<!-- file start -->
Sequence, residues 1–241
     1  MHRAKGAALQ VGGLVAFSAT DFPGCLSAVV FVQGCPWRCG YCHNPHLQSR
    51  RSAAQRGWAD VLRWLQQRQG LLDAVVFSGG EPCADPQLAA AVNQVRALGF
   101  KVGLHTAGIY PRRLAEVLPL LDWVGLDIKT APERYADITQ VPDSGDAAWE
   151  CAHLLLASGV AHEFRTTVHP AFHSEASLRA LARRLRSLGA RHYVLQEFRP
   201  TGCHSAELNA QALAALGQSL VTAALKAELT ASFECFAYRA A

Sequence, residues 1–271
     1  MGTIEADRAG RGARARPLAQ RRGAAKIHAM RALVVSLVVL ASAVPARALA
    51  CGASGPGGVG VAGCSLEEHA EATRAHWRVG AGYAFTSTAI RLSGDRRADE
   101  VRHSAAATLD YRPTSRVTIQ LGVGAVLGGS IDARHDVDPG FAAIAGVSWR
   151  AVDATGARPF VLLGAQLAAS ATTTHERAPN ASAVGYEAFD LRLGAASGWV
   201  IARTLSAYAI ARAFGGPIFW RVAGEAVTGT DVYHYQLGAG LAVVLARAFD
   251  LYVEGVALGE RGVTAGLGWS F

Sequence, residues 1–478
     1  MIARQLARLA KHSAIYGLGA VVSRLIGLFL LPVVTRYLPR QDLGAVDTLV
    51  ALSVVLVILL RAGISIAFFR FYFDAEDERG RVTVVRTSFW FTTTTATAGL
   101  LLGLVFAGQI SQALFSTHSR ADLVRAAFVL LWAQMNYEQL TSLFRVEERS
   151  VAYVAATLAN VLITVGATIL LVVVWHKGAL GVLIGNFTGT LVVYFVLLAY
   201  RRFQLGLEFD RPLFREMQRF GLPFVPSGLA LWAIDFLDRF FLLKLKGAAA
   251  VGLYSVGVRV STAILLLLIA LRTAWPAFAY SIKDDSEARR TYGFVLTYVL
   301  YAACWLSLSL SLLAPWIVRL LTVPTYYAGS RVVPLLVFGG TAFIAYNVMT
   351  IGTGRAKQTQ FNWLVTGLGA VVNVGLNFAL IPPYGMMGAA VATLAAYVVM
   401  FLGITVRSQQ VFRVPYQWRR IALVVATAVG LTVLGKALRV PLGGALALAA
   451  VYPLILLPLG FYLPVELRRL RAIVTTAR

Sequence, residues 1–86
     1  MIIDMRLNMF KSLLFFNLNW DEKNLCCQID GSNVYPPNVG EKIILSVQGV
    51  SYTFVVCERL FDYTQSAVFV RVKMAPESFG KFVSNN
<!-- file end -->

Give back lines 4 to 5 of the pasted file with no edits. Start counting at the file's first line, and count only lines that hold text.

   101  KVGLHTAGIY PRRLAEVLPL LDWVGLDIKT APERYADITQ VPDSGDAAWE
   151  CAHLLLASGV AHEFRTTVHP AFHSEASLRA LARRLRSLGA RHYVLQEFRP